US 3223964 A
Description (OCR text may contain errors)
Dec. 14, 1965 1.. STADLIN 3,223,964
ULTRASONIC MATERIAL MEASURING AND CONTROL SYSTEM Filed June 27, 1962 2 Sheets-Sheet 1 ECHO SOUNDER 22 FIG. I.
" MOTOR I4 1 I35 Zero Time Bose INVENTOR Louis Sfodlin ATTORNEYS Dec. 14, 1965 L. STADLIN ULTRASONIC MATERIAL MEASURING AND CONTROL SYSTEM Filed June 27, 1962 2 Sheets-Sheet 2 INVENTOR Louis Stud/in BY )7 f i WM 4 552%m 8 5 m 58 we; 6
ATTORNEY S United States Patent 3,223,964 ULTRASONIC MATERIAL MEASURING AND CONTROL SYSTEM 7 Louis Stadlin, 3827 Kecoughtan Road, Hampton, Va. Filed June 27, 1962, Ser. No. 205,707 12 Claims. (Cl. 340 -1) The present invention concerns the measurement by ultrasonic means of ore, cement, grain, coal, liquid and similar material capable of being stored in bins, hoppers, vats or similar storage facility.
It is an object of the invention to provide a control system by which the height of ore or other material in a bin is measured and an indication is given at a remote point whether the height of material is too low, normal or too high, and if dangerously high the delivery of material to the bin is automatically discontinued.
It is an object of the invention to provide an alarm system for indicating by suitable signal when the amount of material being stored or deposited in a bin is too low or too high.
It is an object of the invention to mount an ultrasonic transducer in the air above a pile of material being deposited and to measure the height of the pile from instant to instant by means of ultrasonic pulses generated by a transmitter and directed at the material thru the transducer, the echos being reflected from the top surface of the pile of material and detected by the transducer which converts the sound energy to electrical energy, the receiver amplifies the echo signal and applies it to means for measuring the pile and automatically providing telemetric indication, warning signals, or permanent records of material quantity, warnings and action taken such as starting and stopping material delivery.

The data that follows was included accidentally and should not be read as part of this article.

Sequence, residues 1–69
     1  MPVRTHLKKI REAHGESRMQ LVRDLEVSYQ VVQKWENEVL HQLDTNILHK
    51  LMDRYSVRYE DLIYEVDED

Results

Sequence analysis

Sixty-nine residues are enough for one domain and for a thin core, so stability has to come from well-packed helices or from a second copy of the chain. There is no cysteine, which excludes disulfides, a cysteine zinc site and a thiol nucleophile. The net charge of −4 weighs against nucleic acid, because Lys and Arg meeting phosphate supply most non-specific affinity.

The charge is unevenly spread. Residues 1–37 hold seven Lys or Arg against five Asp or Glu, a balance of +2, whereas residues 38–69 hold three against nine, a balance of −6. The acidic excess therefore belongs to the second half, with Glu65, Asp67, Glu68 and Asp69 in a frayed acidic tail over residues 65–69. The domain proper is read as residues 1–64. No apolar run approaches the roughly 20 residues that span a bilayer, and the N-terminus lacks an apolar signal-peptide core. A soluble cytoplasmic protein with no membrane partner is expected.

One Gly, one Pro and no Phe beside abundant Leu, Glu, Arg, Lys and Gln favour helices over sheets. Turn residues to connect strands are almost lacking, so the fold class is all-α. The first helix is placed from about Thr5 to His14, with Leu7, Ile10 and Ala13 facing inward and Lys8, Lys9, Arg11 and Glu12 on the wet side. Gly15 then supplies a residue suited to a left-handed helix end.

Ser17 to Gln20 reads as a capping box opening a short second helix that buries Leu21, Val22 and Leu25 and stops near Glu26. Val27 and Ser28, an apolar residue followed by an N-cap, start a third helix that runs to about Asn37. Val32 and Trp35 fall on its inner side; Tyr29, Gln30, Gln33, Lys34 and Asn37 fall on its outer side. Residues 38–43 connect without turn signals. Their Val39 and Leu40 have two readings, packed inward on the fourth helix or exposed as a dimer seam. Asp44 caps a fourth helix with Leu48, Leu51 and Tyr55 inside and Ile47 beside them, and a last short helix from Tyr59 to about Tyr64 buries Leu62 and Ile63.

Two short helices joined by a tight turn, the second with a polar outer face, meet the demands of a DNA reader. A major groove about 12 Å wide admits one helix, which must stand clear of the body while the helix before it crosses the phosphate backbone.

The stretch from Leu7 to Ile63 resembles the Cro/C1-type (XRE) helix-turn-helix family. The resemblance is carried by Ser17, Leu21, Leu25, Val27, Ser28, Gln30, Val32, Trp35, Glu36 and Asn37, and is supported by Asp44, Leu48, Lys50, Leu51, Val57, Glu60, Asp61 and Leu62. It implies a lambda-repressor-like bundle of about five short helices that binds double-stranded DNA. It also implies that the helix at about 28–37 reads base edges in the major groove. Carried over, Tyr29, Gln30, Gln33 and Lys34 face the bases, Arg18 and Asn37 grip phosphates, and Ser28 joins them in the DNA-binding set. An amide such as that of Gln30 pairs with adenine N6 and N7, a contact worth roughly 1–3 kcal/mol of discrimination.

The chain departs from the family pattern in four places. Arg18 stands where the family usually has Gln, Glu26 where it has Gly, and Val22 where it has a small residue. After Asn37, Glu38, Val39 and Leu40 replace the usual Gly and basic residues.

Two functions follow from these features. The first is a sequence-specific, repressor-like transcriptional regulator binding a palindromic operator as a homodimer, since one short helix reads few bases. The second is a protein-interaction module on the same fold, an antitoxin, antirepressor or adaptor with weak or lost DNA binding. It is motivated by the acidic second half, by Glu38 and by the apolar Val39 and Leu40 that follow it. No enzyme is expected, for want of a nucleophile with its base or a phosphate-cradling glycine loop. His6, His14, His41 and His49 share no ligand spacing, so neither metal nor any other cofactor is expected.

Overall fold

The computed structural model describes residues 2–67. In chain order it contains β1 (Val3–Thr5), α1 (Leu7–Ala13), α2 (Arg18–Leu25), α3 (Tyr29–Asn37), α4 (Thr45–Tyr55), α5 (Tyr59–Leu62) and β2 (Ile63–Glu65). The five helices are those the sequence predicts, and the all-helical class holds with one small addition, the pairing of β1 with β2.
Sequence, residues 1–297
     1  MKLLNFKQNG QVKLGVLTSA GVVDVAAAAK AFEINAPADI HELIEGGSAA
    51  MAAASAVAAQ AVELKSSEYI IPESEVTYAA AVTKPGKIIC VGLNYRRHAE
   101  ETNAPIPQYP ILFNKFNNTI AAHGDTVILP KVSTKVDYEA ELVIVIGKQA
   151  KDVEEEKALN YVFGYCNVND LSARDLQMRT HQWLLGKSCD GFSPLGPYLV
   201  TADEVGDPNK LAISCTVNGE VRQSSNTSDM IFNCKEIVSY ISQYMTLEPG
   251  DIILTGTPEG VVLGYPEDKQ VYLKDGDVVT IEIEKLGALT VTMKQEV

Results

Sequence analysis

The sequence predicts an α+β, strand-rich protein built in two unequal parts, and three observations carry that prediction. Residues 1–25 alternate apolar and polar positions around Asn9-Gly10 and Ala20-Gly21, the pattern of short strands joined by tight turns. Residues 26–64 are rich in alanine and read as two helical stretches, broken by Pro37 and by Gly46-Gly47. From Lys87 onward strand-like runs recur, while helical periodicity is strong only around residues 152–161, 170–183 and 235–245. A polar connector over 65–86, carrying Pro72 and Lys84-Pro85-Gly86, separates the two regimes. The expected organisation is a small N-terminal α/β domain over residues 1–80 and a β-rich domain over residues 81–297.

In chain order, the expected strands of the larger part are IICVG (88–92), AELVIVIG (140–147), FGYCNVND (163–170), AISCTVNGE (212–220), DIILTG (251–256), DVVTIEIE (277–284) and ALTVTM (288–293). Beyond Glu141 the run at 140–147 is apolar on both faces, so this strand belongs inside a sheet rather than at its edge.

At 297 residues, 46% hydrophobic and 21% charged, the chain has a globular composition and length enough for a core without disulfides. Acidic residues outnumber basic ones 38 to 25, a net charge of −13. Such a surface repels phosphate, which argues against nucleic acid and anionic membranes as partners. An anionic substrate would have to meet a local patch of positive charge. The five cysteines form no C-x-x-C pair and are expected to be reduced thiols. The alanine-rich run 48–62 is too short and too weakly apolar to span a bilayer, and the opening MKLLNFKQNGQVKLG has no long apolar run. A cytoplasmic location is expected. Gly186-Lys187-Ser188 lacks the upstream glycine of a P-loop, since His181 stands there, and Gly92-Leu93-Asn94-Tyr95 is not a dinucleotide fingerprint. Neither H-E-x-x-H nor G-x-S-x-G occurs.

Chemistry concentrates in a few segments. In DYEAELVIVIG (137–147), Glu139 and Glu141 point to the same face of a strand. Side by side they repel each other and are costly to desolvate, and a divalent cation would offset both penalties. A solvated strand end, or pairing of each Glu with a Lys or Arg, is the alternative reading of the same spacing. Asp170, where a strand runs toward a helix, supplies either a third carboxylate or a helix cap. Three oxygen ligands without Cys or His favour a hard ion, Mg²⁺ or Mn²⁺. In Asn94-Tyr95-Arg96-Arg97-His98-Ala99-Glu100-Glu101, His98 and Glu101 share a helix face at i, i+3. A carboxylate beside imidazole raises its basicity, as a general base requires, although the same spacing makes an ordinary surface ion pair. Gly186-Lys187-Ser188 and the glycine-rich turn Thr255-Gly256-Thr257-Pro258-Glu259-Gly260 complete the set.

It is an object of the invention to provide a process for measuring material height in a bin by ultrasonic means, using air as the medium for transmitting ultrasonic pulses to the pile surface and the echoes reflected therefrom.
It is an object of the invention to provide a platten which functions as a pick off and cooperates with the pen structure stylus or equivalent output of an ultrasonic echo sounder constructed to operate successively in air.
It is an object of the invention to provide automatic measurement-control means for piles of materialswith step-by-step measurement and step-by-step control of the amount of material in the bin, hopper, vat or the like.
It is an object of the invention to provide automatic measurement-control means for a plurality of piles of material with step-by-step measurement and control in which a plurality of material delivery means are controlled in relation to each other.
It is an object of the invention to determine the level of ore, sand, gravel, cement, grain or liquid in a storage or loading bin, hopper, or other large container or a plurality of such containers, to give telemetric indication of the level and automatically to take whatever action with regard thereto as may be required for maintaining said level or levels within desired limits for operational or safety purposes.
It is an object of the invention to provide an ultrasonic teleindicator-control system having a recorder platten of insulating material and a plurality of event bars embedded therein and connected to an indicator-actuator circuit in which the echo signal can be impressed on one bar at a time having position on the time scale related to a particular material height for remote indication and automatic control of the operation.
Reference is made to the drawings in which the several figures are presented as illustrative of one of the many forms the invention may take and are not to be construed as limiting.
FIGURE 1 is a three-dimensionaldiagramfshowing one form of system, incorporating the invention as installed in an ore unloading facility.